The oxygen sensor of your car measures the amount of oxygen in the exhaust gases that exit the engine. It sends real-time data about the amount of unburnt oxygen in the exhaust system to the engine’s computer to determine the correct air-to-fuel ratio for the car’s engine.
A bad or failing oxygen sensor presents a negative impact on engine performance and environmental emission.
The main signs of a failing oxygen sensor include the engine misfiring or your vehicle running roughly or irregularly during idle.
The other engine performance issues associated with a failing oxygen sensor include stalling, hesitation, and loss of power.
If the mechanic determines that the Check Engine light illuminates because of a problem with your oxygen sensor, the sensor should be promptly replaced.
A failing oxygen sensor negatively affects the fuel combustion and delivery systems. If it’s not working properly, the oxygen sensor will allow too much fuel to be injected into the engine, which will manifest in significantly lower kilometres per litre figures, compared to the usual petrol consumption of your car.
When there is excess fuel in the engine due to a bad or failing oxygen sensor, the engine will produce a smell similar to that of rotten eggs. You may also notice black smoke emanating from the car’s exhaust.
“The other problem that is common with the Mark X is faulty electric power system,” said Odhiambo, warning that it costs a lot of money to repair the system.
Ashraf Bayusuf, another owner of the Mark X in Nairobi, said the vehicle serves him well during long distance travels.
“I move a lot between Nairobi and Mombasa. The vehicle drives well, and its headlamps are generally good for night travel,” he said.
Despite Toyota saying the vehicle has a ground clearance of 6.1 inches on kerb weight, Susan Agutu, 39, told The Standard that “low” ground clearance is one of the major downsides of the vehicle.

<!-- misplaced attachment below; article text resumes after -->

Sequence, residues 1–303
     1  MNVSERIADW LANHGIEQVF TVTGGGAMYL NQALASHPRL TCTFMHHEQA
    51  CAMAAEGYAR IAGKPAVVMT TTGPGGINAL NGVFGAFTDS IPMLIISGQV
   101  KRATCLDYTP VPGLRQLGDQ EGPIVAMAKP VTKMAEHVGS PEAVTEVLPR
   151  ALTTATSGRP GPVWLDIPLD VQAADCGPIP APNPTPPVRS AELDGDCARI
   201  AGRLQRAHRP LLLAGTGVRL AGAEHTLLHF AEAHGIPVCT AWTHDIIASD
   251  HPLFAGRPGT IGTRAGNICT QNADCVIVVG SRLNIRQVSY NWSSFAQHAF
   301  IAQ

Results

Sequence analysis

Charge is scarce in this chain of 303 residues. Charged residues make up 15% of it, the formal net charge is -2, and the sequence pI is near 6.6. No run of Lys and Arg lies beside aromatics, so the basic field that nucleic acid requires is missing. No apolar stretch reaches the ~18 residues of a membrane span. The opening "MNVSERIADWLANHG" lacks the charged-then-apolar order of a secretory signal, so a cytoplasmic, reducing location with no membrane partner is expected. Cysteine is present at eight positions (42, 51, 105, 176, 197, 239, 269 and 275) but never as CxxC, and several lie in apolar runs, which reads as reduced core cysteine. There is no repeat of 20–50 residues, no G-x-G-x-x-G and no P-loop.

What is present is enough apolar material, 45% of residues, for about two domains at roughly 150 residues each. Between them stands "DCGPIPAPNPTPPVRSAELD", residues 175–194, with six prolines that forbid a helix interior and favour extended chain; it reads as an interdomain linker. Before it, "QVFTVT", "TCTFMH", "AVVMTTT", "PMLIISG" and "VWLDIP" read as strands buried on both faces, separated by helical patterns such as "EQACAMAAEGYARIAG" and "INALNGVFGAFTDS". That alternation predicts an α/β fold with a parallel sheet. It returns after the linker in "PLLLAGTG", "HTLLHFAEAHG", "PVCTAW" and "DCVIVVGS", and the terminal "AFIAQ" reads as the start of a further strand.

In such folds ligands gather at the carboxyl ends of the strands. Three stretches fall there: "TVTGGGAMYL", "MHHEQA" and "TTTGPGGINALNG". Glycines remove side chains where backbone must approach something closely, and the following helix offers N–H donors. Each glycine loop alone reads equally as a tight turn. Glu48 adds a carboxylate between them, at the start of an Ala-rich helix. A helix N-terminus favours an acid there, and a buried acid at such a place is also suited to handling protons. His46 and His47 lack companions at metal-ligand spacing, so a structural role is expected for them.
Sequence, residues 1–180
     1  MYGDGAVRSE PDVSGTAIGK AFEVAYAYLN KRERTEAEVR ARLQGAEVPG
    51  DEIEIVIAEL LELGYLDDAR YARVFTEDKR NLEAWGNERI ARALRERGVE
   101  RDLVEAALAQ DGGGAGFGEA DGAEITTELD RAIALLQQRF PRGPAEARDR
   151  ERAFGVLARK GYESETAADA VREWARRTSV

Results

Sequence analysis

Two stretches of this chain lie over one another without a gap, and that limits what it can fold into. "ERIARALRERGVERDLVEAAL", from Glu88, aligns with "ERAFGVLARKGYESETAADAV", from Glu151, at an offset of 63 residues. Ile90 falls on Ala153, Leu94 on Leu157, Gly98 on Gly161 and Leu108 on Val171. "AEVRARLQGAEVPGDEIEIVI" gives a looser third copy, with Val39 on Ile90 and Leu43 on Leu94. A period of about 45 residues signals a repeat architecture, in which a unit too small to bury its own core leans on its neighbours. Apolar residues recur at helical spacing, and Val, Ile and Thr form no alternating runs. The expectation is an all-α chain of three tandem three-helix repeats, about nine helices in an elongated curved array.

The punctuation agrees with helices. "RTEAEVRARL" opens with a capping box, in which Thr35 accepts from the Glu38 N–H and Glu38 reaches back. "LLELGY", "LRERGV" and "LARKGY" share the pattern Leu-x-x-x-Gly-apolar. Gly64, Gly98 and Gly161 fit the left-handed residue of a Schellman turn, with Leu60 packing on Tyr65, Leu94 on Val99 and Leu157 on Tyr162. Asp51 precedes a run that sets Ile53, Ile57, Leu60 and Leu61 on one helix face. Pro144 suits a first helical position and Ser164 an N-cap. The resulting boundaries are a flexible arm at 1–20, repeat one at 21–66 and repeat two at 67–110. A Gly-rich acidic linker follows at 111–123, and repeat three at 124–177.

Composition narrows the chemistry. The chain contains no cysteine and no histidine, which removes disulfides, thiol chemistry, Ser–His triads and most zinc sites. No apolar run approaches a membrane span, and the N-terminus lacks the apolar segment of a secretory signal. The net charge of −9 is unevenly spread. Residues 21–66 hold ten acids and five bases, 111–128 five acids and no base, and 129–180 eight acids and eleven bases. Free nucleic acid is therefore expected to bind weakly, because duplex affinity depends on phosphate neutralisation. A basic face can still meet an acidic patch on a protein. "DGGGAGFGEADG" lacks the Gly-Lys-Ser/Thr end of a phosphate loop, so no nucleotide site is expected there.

“If the ground clearance is altered, it negatively affects the vehicle’s stability. It could also land you in trouble with your insurer,” said the Kisumu-based lawyer, who owns a Toyota Mark X.
“I previously owned a Mark II Grande, and when I upgraded to Toyota Mark X, I felt that was one of the best decisions I have ever made. Some people would complain about its fuel consumption, but for me I’d say it serves me well, and I don’t feel that it’s hurting my pocket,” she said.
Other owners of Mark X said its dashboard is prone to cracking, and therefore subjecting owners to extra expenses, especially when the vehicle gets old.
Mechanics say that due to the weight of the car, aggressive motorists who accelerate and brake quickly, tend to replace its brake pads often.
“The car feels strained under sharp braking,” said Susan Agutu.
Other documented problems that are common with the Mark X include rigid suspension, sufficiently high fuel consumption, poor soundproofing wheel arches that make rumbles of the wheels be heard in the cabin, engine starter issues, high tax rate due to the powerful engine, risk of loss of compression in the 5th cylinder due to factory miscalculations by Toyota engineers, constant oil leaks from under the oil seals of the shock absorber struts, steering wheel challenges, among others.